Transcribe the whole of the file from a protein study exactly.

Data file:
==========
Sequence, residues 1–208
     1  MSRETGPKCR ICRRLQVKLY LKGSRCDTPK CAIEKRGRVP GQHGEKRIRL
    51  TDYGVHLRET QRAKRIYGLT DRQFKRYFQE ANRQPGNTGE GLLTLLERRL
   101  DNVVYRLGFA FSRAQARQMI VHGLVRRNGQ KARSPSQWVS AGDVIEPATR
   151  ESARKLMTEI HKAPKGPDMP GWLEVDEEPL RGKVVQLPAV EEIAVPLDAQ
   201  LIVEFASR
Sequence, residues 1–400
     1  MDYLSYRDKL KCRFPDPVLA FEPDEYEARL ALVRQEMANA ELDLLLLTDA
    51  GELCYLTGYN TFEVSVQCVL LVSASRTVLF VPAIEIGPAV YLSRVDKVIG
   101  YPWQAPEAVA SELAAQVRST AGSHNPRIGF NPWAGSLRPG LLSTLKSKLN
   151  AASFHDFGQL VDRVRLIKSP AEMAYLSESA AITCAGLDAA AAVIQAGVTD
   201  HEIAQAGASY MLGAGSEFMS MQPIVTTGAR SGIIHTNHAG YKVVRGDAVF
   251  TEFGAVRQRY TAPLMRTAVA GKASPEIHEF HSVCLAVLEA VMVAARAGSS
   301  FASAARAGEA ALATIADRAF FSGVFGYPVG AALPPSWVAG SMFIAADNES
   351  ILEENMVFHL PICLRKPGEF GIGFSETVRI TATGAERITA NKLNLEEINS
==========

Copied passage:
Sequence, residues 1–208
     1  MSRETGPKCR ICRRLQVKLY LKGSRCDTPK CAIEKRGRVP GQHGEKRIRL
    51  TDYGVHLRET QRAKRIYGLT DRQFKRYFQE ANRQPGNTGE GLLTLLERRL
   101  DNVVYRLGFA FSRAQARQMI VHGLVRRNGQ KARSPSQWVS AGDVIEPATR
   151  ESARKLMTEI HKAPKGPDMP GWLEVDEEPL RGKVVQLPAV EEIAVPLDAQ
   201  LIVEFASR
Sequence, residues 1–400
     1  MDYLSYRDKL KCRFPDPVLA FEPDEYEARL ALVRQEMANA ELDLLLLTDA
    51  GELCYLTGYN TFEVSVQCVL LVSASRTVLF VPAIEIGPAV YLSRVDKVIG
   101  YPWQAPEAVA SELAAQVRST AGSHNPRIGF NPWAGSLRPG LLSTLKSKLN
   151  AASFHDFGQL VDRVRLIKSP AEMAYLSESA AITCAGLDAA AAVIQAGVTD
   201  HEIAQAGASY MLGAGSEFMS MQPIVTTGAR SGIIHTNHAG YKVVRGDAVF
   251  TEFGAVRQRY TAPLMRTAVA GKASPEIHEF HSVCLAVLEA VMVAARAGSS
   301  FASAARAGEA ALATIADRAF FSGVFGYPVG AALPPSWVAG SMFIAADNES
   351  ILEENMVFHL PICLRKPGEF GIGFSETVRI TATGAERITA NKLNLEEINS